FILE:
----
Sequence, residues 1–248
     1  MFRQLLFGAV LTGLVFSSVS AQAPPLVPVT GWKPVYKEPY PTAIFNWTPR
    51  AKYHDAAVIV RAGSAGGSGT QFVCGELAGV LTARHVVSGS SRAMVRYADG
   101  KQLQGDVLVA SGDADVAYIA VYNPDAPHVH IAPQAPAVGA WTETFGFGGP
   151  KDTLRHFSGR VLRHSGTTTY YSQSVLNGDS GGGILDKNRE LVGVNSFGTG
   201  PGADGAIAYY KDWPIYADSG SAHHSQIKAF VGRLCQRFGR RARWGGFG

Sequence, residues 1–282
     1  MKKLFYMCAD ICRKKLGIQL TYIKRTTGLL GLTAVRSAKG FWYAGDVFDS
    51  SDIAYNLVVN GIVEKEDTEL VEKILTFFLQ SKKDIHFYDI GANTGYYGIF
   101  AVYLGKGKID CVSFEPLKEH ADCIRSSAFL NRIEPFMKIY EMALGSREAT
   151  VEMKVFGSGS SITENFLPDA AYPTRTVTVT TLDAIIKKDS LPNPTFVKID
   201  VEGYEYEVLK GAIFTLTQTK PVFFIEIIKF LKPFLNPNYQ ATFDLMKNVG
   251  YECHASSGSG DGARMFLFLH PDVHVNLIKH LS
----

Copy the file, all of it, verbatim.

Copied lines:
Sequence, residues 1–248
     1  MFRQLLFGAV LTGLVFSSVS AQAPPLVPVT GWKPVYKEPY PTAIFNWTPR
    51  AKYHDAAVIV RAGSAGGSGT QFVCGELAGV LTARHVVSGS SRAMVRYADG
   101  KQLQGDVLVA SGDADVAYIA VYNPDAPHVH IAPQAPAVGA WTETFGFGGP
   151  KDTLRHFSGR VLRHSGTTTY YSQSVLNGDS GGGILDKNRE LVGVNSFGTG
   201  PGADGAIAYY KDWPIYADSG SAHHSQIKAF VGRLCQRFGR RARWGGFG

Sequence, residues 1–282
     1  MKKLFYMCAD ICRKKLGIQL TYIKRTTGLL GLTAVRSAKG FWYAGDVFDS
    51  SDIAYNLVVN GIVEKEDTEL VEKILTFFLQ SKKDIHFYDI GANTGYYGIF
   101  AVYLGKGKID CVSFEPLKEH ADCIRSSAFL NRIEPFMKIY EMALGSREAT
   151  VEMKVFGSGS SITENFLPDA AYPTRTVTVT TLDAIIKKDS LPNPTFVKID
   201  VEGYEYEVLK GAIFTLTQTK PVFFIEIIKF LKPFLNPNYQ ATFDLMKNVG
   251  YECHASSGSG DGARMFLFLH PDVHVNLIKH LS